Androgen insensitivity syndrome - AR gene

The androgen insensitivity syndrome (AIS) is a congenital disorder that affects sexual development before birth and during puberty. From 7 to 8 weeks of gestation the fetuses begin to develop their reproductive system. In the XY karyotype it is necessary the intervention of male hormones -testosterone and 5α-dihydrotestosterone (androgens)- to initiate the secondary process of sexual differentiation and to develop a complete male reproductive system. In the AIS there is an interruption in the development of the reproductive system of the fetus, because the insensitivity to androgens, causes the development of external genitalia following the female line, while the development of internal organs is previously stopped by the MIF (Mullerian Inhibitor Factor), a hormone produced by the fetal gonads. In this way, those affected with IAS usually manifest a female phenotype, but with absence of female internal organs, pubic hair and menstruation.

There are two differentiated forms of IAS, the complete form (CASI: Complete Androgen Insensitivity Syndrome or Morris Syndrome), where the tissues are completely insensitive to androgens, and the incomplete form (PAIS: Partial Androgen Insensitivity Syndrome or Reifenstein's syndrome), where the tissues are insensitive at different degrees. Individuals with the complete form of androgen insensitivity have female external genitalia, usually with small labial folds, short vagina with blind termination, absence of structures derived from the Wolff duct and prostate, along with gynecomastia. This form has a uterus, ovaries and fallopian tubes. In addition, people with complete androgen insensitivity syndrome also have sparse or absent hair in the pubic area and armpits.

In the PAIS form, on the other hand, the appearance of the genitals can vary from totally female to totally male, passing through intermediate degrees of male/female ambiguity. The predominant phenotype is female, in this case, with female external genitalia, with possible presence of pubic hair, possible clitoromegaly and partial or complete labial fusion. In other cases, the phenotype is masculine, called Reifenstein syndrome, and includes micropenis, perineal hypospadias and cryptorchidism. Other individuals, considered the milder (MAIS: Mildest Androgen Insensitivity) have a normal male phenotype, including internal and external genitalia, but during puberty may have breast enlargement, poor facial and body hair and micropenis, in addition to having altered the sperm production (oligozoospermia or azoospermia).

The various forms of IAS are due to mutations in the AR (androgen receptor) gene, located on the long arm of the X chromosome (Xq12). This gene encodes a protein called androgen receptor (AR). Androgen receptors allow cells to respond to androgens to direct male sexual development before birth and during puberty. Androgens and androgen receptors also have other important functions, both in males and females, such as the regulation of hair growth and sexual desire.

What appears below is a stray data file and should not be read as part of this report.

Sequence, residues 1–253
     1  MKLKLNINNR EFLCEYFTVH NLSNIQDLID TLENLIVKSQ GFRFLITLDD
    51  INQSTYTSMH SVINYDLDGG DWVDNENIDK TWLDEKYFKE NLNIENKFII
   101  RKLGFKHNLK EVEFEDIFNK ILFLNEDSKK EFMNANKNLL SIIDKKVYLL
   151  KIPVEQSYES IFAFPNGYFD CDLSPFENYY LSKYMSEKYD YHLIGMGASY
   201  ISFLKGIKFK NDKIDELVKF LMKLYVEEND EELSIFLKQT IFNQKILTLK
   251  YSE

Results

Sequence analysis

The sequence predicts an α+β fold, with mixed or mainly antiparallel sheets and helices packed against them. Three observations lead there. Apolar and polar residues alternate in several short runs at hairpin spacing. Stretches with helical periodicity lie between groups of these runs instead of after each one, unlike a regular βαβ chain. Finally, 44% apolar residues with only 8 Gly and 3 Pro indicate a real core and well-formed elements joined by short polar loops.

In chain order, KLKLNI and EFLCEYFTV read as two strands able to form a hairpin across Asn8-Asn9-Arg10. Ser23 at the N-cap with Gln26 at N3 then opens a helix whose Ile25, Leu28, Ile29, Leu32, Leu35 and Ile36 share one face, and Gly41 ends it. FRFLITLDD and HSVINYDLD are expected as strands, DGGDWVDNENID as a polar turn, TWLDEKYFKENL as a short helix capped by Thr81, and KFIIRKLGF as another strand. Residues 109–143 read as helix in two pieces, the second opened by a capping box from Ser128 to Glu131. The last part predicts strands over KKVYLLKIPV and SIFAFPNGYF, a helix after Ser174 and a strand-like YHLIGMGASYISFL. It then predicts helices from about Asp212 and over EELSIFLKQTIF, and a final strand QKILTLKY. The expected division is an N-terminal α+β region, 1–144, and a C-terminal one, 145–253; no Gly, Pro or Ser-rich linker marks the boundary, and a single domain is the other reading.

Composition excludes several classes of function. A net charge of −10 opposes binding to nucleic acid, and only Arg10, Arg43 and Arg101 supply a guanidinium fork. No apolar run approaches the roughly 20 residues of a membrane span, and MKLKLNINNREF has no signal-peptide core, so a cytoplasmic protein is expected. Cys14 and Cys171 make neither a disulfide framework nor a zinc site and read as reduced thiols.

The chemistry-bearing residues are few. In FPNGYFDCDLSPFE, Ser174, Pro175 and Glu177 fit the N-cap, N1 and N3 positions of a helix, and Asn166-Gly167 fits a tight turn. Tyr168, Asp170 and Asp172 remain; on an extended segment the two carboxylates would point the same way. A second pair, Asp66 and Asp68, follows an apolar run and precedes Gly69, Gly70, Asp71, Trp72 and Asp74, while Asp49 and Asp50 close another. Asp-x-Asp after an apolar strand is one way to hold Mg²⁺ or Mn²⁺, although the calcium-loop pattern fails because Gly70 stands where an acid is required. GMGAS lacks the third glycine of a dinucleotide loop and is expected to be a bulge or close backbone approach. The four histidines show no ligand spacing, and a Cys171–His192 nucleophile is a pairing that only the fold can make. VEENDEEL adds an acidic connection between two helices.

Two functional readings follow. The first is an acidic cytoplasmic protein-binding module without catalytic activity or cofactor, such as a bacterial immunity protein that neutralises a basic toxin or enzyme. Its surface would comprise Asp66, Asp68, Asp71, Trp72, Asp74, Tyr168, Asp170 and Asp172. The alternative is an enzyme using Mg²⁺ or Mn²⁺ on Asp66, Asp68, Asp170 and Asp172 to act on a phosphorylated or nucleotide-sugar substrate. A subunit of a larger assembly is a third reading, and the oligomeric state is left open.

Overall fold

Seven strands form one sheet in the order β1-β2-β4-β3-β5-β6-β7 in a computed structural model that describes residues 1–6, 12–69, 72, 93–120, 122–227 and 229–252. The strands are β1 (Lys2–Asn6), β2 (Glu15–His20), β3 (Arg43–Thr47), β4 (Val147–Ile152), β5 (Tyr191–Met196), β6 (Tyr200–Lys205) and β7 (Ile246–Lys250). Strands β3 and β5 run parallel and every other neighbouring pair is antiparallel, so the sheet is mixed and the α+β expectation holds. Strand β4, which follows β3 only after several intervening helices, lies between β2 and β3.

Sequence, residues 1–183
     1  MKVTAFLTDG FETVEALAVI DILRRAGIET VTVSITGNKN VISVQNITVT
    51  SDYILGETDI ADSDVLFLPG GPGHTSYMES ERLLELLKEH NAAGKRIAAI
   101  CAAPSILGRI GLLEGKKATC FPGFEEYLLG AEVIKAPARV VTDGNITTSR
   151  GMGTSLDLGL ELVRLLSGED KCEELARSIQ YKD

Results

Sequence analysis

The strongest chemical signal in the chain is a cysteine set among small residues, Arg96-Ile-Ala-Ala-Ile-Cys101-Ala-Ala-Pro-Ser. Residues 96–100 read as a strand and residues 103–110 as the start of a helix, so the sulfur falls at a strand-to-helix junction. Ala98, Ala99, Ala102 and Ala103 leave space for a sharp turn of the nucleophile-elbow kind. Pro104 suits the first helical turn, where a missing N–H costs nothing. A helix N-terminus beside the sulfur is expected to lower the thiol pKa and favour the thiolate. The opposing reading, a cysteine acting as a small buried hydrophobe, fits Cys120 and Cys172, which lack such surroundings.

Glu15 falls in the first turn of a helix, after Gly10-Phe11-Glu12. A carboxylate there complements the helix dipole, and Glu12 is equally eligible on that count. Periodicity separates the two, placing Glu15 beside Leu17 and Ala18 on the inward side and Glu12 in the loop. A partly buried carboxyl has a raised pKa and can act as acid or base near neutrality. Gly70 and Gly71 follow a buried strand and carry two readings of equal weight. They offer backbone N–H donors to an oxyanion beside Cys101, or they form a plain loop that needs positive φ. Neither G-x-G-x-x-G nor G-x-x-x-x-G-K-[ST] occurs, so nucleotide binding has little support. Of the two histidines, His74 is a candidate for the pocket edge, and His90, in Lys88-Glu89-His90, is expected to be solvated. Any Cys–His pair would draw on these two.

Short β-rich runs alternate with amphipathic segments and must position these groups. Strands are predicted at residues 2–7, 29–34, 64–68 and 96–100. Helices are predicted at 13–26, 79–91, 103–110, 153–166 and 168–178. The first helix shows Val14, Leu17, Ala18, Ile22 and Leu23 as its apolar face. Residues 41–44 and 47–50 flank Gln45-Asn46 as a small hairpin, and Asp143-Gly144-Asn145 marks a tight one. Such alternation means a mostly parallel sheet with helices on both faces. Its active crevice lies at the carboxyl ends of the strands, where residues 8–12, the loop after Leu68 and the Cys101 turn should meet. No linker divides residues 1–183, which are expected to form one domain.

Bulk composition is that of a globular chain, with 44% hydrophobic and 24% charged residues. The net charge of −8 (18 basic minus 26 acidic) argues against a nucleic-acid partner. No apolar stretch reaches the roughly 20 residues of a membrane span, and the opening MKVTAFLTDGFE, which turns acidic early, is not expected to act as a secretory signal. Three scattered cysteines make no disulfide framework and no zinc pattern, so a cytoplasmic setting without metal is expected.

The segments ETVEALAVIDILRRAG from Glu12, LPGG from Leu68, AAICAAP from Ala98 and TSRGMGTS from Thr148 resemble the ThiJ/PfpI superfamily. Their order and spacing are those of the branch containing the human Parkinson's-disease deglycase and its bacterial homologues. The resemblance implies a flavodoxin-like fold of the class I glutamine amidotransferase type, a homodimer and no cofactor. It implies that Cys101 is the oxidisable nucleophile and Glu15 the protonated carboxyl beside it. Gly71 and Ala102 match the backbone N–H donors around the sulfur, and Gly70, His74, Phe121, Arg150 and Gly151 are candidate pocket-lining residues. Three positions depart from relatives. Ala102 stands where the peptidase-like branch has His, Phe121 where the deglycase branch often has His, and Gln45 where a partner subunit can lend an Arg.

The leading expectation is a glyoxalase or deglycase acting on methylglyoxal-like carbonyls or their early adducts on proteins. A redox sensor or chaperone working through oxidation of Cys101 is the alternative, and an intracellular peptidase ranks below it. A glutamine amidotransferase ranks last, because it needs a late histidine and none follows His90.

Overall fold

More than 600 different mutations in the AR gene have been identified in people with androgen insensitivity syndrome. Most of these mutations are changes of base pairs. Other mutations insert or delete multiple base pairs in the gene or affect how the gene encodes a protein. Some mutations give rise to an abnormally short version of the androgen receptor protein, while others result in the encoding of an abnormal receptor that cannot bind to androgens or DNA. As a result, cells that are sensitive to androgens become less sensitive to these hormones or cannot synthesize these hormones. Affected individuals are genetically male, with one X chromosome and one Y chromosome in each cell. However, because your body is unable to respond to androgens, they may have female sexual characteristics or signs of male and female sexual development. Mutations that completely eliminate receptor function give rise to the syndrome of complete androgen insensitivity. Genetic changes that significantly reduce but do not eliminate the activity of the androgen receptor cause the partial insensitivity syndrome. The mild form is due to genetic changes that only slightly reduce the activity of the receptor.

The androgen insensitivity syndrome (AIS) is inherited with a recessive pattern linked to the X chromosome. In males, an altered copy of the gene in each cell is sufficient to cause the disease. In women, a mutation in both copies of the gene would have to happen to cause the alteration. Because women are unlikely to have two altered copies of this gene, men are affected by X-linked recessive disorders much more frequently than women. A characteristic of inheritance linked to the X chromosome is that parents cannot transmit traits linked to the X chromosome to their children. About two-thirds of all cases of androgen insensitivity syndrome are inherited from mothers carrying an altered copy of the AR gene on one of their two X chromosomes. The remaining cases are due to a new mutation that can occur in the ovule of the mother before giving birth or at the beginning of fetal development.

Tests performed in IVAMI: in IVAMI we perform the detection of mutations associated with Androgen insensitivity syndrome, by means of the complete PCR amplification of the exons of the AR gens, and their subsequent sequencing.

Recommended samples: non-coagulated blood obtained with EDTA for separation of blood leucocytes, or a card with a dried blood sample (IVAMI can mail the card to deposit the blood sample).